2017 Sierra Leone: External Evaluation of Effectiveness of UNICEF Nutrition Accelerated Reduction of Child and Maternal Under-Nutrition in Seven Districts of Sierra Leone
Author: Christina Blanchard-Horan
With the aim to continuously improve transparency and use of evaluation, UNICEF Evaluation Office manages the "Global Evaluation Reports Oversight System (GEROS)". Within this system, an external independent company reviews and rates all evaluation reports. The quality rating scale for evaluation reports is as follows: “Highly Satisfactory”, “Satisfactory”, “Fair” or “Unsatisfactory”. You will find the link to the quality rating below, labelled as ‘Part 3’ of the report, and the executive feedback summary labelled as ‘Part 4’
The Government of Sierra Leone is committed to improve the nutrition status of children during their first 1,000 days of life from conception to two years of age. With the efforts undertaken by the national government, a decreasing prevalence trends are noted for both stunting and wasting. However the national figures do not accurately capture the status of severe acute malnutrition prevalence countrywide, where almost 70,000 children still suffer from severe acute malnutrition and more than 400,000 children are stunted.
Analysis on the underlying causes of under nutrition in Sierra Leone indicates that poor infant and young child feeding practices, frequent childhood illnesses, insufficient coverage of primary health care interventions, poor quality, low demand for health services (exacerbated by the recent Ebola outbreak), and poor sanitation – are the predominant factors.
UNICEF supports the Ministry of Health and Sanitation to prevent and treat child undernutrition. The governments’ Integrated Management of Acute Malnutrition (IMAM) programme provides treatment to the severely malnourished children in Outpatient Treatment Program (OTP) facilities and inpatient care in health facilities (IPF). In order to prevent child malnutrition, UNICEF supported the establishment of mother-to-mother support groups in communities for screening, referral and community IYCF counselling (as a part of stunting reduction). UNICEF with its implementing partners also supports the implementation of biannual Mother and Child Health Weeks (MCHWs) for vitamin A supplementation and deworming; and in 3 districts, supports the micronutrient powder (MNP) supplementation pilot programme.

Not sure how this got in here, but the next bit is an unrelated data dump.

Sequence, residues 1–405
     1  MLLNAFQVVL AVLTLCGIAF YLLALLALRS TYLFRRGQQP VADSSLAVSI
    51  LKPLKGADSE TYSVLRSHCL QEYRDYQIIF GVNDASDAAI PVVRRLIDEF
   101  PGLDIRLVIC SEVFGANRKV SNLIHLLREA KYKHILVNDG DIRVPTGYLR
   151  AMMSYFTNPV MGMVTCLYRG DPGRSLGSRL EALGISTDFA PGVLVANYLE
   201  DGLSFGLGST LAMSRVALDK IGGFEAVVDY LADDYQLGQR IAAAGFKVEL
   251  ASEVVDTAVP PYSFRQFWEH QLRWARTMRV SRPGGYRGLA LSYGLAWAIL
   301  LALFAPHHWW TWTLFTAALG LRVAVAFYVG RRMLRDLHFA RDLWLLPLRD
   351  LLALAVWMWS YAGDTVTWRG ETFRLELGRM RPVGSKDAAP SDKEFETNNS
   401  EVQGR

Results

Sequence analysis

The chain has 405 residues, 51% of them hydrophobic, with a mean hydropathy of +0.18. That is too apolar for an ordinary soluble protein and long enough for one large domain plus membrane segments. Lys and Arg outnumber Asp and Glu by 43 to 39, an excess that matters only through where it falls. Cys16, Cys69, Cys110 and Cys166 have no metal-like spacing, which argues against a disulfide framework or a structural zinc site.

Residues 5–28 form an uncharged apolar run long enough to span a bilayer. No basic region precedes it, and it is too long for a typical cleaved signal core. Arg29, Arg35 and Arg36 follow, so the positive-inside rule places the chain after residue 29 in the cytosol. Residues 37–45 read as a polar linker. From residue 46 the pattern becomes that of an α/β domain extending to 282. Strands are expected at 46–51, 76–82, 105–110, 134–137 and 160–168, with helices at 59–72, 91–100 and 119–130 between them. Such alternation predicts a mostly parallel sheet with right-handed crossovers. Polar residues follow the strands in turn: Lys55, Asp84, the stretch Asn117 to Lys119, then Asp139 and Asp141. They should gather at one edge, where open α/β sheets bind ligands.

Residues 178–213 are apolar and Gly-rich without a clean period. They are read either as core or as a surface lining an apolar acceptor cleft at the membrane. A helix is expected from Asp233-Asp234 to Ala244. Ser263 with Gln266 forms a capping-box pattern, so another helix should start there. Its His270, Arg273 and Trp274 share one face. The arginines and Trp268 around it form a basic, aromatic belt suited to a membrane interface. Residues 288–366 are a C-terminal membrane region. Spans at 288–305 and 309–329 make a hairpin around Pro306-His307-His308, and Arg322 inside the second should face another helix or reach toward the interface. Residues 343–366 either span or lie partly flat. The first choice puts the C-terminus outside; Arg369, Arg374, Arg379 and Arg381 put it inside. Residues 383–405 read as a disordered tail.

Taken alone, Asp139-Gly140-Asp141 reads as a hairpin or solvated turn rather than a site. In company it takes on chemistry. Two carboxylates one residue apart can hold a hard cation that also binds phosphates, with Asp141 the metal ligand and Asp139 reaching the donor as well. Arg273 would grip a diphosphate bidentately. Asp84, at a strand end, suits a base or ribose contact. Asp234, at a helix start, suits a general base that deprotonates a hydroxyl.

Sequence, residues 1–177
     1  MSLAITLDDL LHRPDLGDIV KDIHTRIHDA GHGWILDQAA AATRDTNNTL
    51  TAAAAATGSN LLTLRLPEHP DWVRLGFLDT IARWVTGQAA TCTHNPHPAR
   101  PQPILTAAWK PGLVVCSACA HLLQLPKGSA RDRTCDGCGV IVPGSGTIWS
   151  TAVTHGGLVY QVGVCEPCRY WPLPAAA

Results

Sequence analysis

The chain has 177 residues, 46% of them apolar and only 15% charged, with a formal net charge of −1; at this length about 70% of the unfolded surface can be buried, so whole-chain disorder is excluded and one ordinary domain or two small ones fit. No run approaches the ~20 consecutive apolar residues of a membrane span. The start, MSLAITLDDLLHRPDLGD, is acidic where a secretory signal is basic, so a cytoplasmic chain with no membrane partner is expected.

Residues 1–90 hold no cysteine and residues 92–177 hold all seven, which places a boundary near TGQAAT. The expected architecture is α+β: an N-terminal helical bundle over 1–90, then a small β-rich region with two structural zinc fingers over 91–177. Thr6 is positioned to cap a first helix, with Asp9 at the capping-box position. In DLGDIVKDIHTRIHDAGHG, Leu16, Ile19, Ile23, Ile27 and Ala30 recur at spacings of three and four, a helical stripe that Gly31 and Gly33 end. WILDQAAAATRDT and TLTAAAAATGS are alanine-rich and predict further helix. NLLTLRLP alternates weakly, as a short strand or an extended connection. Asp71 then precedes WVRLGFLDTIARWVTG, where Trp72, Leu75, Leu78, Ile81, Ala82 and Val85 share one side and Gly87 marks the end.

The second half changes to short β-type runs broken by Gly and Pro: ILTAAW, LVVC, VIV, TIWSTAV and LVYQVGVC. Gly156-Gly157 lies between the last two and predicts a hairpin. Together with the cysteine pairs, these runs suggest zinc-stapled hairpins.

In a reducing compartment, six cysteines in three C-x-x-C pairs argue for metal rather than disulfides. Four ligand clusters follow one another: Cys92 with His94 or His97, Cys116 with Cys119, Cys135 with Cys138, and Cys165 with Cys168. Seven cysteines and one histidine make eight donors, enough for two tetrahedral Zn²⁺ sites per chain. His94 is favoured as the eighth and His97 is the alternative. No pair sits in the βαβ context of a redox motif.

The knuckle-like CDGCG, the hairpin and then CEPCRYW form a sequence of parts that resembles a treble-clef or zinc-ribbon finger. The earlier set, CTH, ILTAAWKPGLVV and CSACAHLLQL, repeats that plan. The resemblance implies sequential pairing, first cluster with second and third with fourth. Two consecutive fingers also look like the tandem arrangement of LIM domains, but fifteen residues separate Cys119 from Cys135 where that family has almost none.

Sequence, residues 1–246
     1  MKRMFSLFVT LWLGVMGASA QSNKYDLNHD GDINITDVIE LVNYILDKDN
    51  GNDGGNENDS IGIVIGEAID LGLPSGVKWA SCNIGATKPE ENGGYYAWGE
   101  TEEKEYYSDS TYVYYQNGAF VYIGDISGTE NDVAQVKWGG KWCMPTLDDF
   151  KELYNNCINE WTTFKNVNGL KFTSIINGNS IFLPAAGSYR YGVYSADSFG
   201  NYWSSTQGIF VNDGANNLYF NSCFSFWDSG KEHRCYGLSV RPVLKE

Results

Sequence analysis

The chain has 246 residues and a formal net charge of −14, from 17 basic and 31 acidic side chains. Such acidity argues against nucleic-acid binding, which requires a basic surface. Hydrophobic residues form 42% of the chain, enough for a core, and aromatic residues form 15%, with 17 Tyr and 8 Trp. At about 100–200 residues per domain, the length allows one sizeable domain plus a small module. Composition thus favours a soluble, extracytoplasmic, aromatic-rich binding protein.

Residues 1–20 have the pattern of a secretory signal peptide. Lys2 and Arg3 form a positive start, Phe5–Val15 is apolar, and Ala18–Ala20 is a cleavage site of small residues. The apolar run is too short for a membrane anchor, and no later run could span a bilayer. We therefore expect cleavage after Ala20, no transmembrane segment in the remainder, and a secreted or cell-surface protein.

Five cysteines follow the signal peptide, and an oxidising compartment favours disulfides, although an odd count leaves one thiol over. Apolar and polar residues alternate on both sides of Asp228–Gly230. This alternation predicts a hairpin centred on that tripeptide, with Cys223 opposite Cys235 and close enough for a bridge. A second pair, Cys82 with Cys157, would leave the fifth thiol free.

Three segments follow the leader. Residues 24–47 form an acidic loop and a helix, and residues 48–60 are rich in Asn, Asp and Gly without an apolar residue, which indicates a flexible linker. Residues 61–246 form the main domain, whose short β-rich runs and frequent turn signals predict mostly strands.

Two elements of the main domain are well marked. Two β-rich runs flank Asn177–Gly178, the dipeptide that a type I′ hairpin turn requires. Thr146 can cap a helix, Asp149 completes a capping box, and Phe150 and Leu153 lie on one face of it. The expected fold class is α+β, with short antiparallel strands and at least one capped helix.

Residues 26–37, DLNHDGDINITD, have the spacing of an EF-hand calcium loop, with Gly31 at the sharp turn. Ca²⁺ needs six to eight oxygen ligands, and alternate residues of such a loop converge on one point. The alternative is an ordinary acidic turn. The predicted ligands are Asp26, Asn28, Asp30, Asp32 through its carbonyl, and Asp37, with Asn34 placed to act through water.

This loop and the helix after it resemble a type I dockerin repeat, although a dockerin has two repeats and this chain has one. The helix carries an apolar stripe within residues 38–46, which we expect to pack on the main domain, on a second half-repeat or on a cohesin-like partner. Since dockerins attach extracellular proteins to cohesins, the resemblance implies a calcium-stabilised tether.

The Programme objectives are:
• Improve the quality of the treatment of severe acute malnutrition by increasing adherence to national Integrated Management of Acute Malnutrition (IMAM) protocols at Outpatient Therapeutic program (OTP) and In Patient Facilities (IPF); strengthening the supply chain management of Ready to Use Therapeutic Foods (RUTFs); and improve communities’ adhesion and participation in IMAM activities;
• Improve Infant and Young Child feeding practices at the community level through community-based structures and Primary Health Care Units (PHUs).
• Maintain adequate coordination of nutrition partners and activities from decentralized to central level.
In April 2016, Global Health Liaisons LLC was contracted by UNICEF/Sierra Leone to evaluate the Irish Aid Funded Nutrition Programme. The purpose of this evaluation was to understand how the nutrition programme in the seven Irish Aid-supported districts worked and determine what worked well, where, why, and under what circumstance(s). It also sought to generate knowledge, as well as identify best practices and lessons learned.
The objectives of the evaluation include: